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What to Expect at My Upcoming Gallbladder Surgery

Your gallbladder is a small pouch located below your liver. It stores bile, a fluid that aids in digestion, but sometimes bile can harden into small deposits called gallstones. 

Gallstones may cause intense abdominal pain and other symptoms, from shoulder pain to nausea and vomiting. Since the gallbladder isn’t a necessary organ, surgical removal (cholecystectomy) can be a good option for many people suffering gallstone complications.

Elvira Klause, MD, FACS, specializes in abdominal surgery and gallbladder removal in San Clemente, California. Gallstones don’t go away on their own, and an estimated 80% of people diagnosed with gallstones need surgery.

 If you’re scheduled for gallbladder surgery, our team is here to help you prepare.

Preparing for gallbladder surgery

Dr. Klause and our team review your medical history and conduct a physical exam to determine if gallbladder removal is a good option for you. Before scheduling your gallbladder removal, we perform a series of tests to ensure you’re healthy enough to undergo surgery.

During your consultation, talk to Dr. Klause about your gallstone symptoms and any medications you’re taking. You must stop certain medications, like blood thinners, temporarily before surgery.

We give you specific instructions for the night before and morning of your surgery. Instructions may include showering with antibiotic soap and not eating or drinking anything for at least four hours before surgery.

Wear loose, comfortable clothing to the office on the morning of your surgery. Bring a family member or friend with you, because you’ll need someone to drive you home after the procedure.

What happens during gallbladder surgery

When you come in for gallbladder surgery, we begin preparing you for the procedure. We put you under general anesthesia so you don’t feel any pain during surgery.

Dr. Klause performs laparoscopic surgery for gallbladder removal, a surgical technique that requires a few very small incisions rather than one large one. She inserts a small camera through one incision and surgical tools through the others to remove your gallbladder safely.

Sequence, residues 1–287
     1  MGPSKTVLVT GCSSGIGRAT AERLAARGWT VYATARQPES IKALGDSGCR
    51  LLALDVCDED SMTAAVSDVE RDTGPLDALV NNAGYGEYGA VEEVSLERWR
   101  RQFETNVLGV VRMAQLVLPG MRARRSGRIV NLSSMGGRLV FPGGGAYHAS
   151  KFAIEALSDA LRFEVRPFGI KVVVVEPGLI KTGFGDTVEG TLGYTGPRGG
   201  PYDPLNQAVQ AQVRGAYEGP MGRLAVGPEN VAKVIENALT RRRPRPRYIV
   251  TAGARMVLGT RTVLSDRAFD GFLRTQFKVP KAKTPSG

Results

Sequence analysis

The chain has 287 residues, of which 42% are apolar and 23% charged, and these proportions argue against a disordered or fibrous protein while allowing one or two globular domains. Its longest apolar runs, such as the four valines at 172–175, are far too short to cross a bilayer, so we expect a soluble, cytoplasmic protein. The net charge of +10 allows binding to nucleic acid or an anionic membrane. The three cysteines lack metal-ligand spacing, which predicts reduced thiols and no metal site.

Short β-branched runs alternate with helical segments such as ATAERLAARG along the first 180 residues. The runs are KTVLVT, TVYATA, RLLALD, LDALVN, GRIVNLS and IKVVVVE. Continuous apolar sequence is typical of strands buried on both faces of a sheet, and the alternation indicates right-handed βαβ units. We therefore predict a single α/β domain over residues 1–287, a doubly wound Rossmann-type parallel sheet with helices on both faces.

Most gallbladder removals require three to four incisions. Dr. Klause guides surgical instruments to disconnect your gallbladder and remove it through one of the incisions. Once it’s removed, she closes the incisions.

Gallbladder removal generally takes 45 minutes to an hour. After Dr. Klause closes your incisions, you’re moved to a recovery room and the anesthesia begins wearing off. Most people can go home the same day.

Recovering from gallbladder surgery

Mild to moderate abdominal pain is normal in the days following gallbladder surgery. Dr. Klause can recommend over-the-counter pain relievers or give you a prescription for pain relievers, depending on your health.

In most cases, gallbladder removal patients should start walking shortly after surgery. You can shower in as little as one day after surgery, and any surgical tape or glue should disappear as your incisions heal.

Expect to return to your normal daily routine about one week after gallbladder removal. Attend any follow-up appointments that are scheduled and don’t hesitate to give us a call if you have any questions during recovery.

Gallbladder removal is a safe and effective treatment option for people suffering gallstone pain. To find out if you could benefit from gallbladder surgery, schedule a consultation with Dr. Klause. Call 949-393-2595, request an appointment online, or send us a message today.

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